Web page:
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Enthusiast Review

A Look Inside Daiwa Japan's New Pixy (continued)

The Drag: One look at the PX68’s schematic and we already knew what to expect under the hood. The new Pixy sports a modern, multi-disc stacked drive featuring two eared metal washers, one metal keyed washer, three fibrous discs, and one composite keyed washer. The new stack is rated at 4kg (8.8lbs) of pressure but tested out at 9.5 lbs of drag in our lab. Up to about six pounds of pressure, performance was smooth and silky, but when approaching lockdown pressure at about eight pounds or more, the drag began to studder.

... and a standard, stacked, multi-disc wet drag!

The modified Pixzilla drag washers and the new PX68/68L drag washers are interchangeable - to a point

As a comparison, our in-house tuned Pixzilla tests out at seven pounds though we've heard performance marks at up to twelve if you take the time to buff and polish the metal washers. Our original, stock Pixies tested out at mere three pounds of pressure back in 2004 and 2005.

And that point ends at the height of the two stacks (PX68/68L - left, Original Pixy gear with upgraded drag stack - right)

Yes, there really is something different as the original Pixy sideplate will not fit over the new Pixy's drag stack

As for compatability, Pixy fans may be happy to know that the new stack fits easily within the existing drive gear of the older version Pixy but will be disappointed to discover the new stack is actually slightly taller than the old one. How is this possible if the reels share the same frame and sideplates?

A look at the underside of the two sideplates reveals the answer (PX68/68L left, Original Pixy right)

The new PX68/68L's handle sideplate is cut back to make room for the new drag

To check we took the 2004 handle sideplate and tried to install it over the 2010 Pixy’s machinery. It was little surprise to us that the sideplate would not go on cleanly. Clearly the taller drag stack was interfering with older sideplate.

As compared to the old sideplate shown here

The gears themselves are slightly different with the PX68/68L's (left) cut to enable a faster retrieve (6.8:1 vs 6=5.8:1)

Looking closely at the insides of these respective components we can see the part numbers remain the same, but the 2010 version does sport a new carved out area to accommodate the taller drag! It is a very subtle change, but one you can see right away when comparing sideplates adjacent to one another.

The result is a slightly larger gear

The PX68/68L's gear (bottom) is also made of a seemingly harder material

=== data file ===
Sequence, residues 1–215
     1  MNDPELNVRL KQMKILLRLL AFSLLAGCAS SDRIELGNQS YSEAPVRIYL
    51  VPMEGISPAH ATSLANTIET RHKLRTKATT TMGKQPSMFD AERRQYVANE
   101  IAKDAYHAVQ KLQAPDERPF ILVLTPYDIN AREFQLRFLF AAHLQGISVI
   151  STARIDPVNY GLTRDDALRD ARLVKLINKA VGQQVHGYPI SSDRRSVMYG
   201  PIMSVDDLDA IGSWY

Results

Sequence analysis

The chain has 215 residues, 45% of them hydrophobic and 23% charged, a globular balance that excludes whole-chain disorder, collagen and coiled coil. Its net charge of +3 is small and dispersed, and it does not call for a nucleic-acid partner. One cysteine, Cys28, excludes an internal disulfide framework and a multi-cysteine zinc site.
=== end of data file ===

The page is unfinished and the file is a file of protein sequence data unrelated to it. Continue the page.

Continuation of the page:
Main Gear: Going back to the two reels’ gears it looks like the 2010 Pixy sports a new brass composite gear versus the original Pixy’s aluminum alloy one. That extra bit of retrieve ratio is achieved by a gear that is slightly taller than the old one, and undoubtedly consisting of more teeth as well.

The shaft on the new Pixy's spool is only 3 mm so they need to house a smaller bearing in this adapter to have it fit into the existing Pixy frame ...

Worm Gear: While we had PX68 taken apart, the other bit of intrigue was to investigate the worm drive beneath the levelwind and see if Daiwa Japan upgraded the plastic bushing to a bearing – a necessary upgrade to achieve Pixzilla status on an superttuned Pixy. Viewing this part on the schematic, it appeared the upgrade was unlikely. Additionally, taking a look at this part while still held in place pinched between the worm drive gear and the reel’s frame, it appeared as if nothing had changed.

Note the thicker shaft and larger bearing on the original Pixy spool

But of course we had to verify so off came the c-clip and out popped the worm drive to verify that yes indeed, the plastic bushing remains. It appears there is room for upgrades afterall on this new Pixy.

Unfortunately, Daiwa Japan did not upgrade the wormshaft bushing to a bearing on the new Pixy

Conclusion: Reassembling the reel and putting everything back into place, the one performance test we can easily do in the lab is the traditional spin of the spool. The PX68’s spool, right out of the box, spins for an impressive ten seconds or more. This is with the tension knob adjusted so side to side play on the spool just disappears. By comparison, our old, trusted Pixzilla’s spool spins for six seconds tops. Might this be a prelude to easier startup and prolonged spins of the spool out on the water? There’s only one way to find out.

The new Pixy PX68/68L ... Perhaps a prelude of what's to come in North America?


But even before hitting the water with this pint sized little wonder one thought bares sharing. Think about it, a new, darker, Steez-like motif, a new, comfortable swept handle, slightly more line capacity, an upgraded drag, more durable gear. All these improvements really feel targetted more at the US Angler than those in Japan. Daiwa USA has been relatively quiet since the introduction of the Steez and Zillion four years ago spending their time filling out old lines rather than introducing anything significant in their freshwater lineup. Even the Pluton is built more for inshore saltwater fishing than freshwater. The sun has seemed to all but set on the Sol, so is this going to be the year Daiwa finally brings a true freshwater finesse reel to the North American Market? Hang on, because ICAST is just around the corner.











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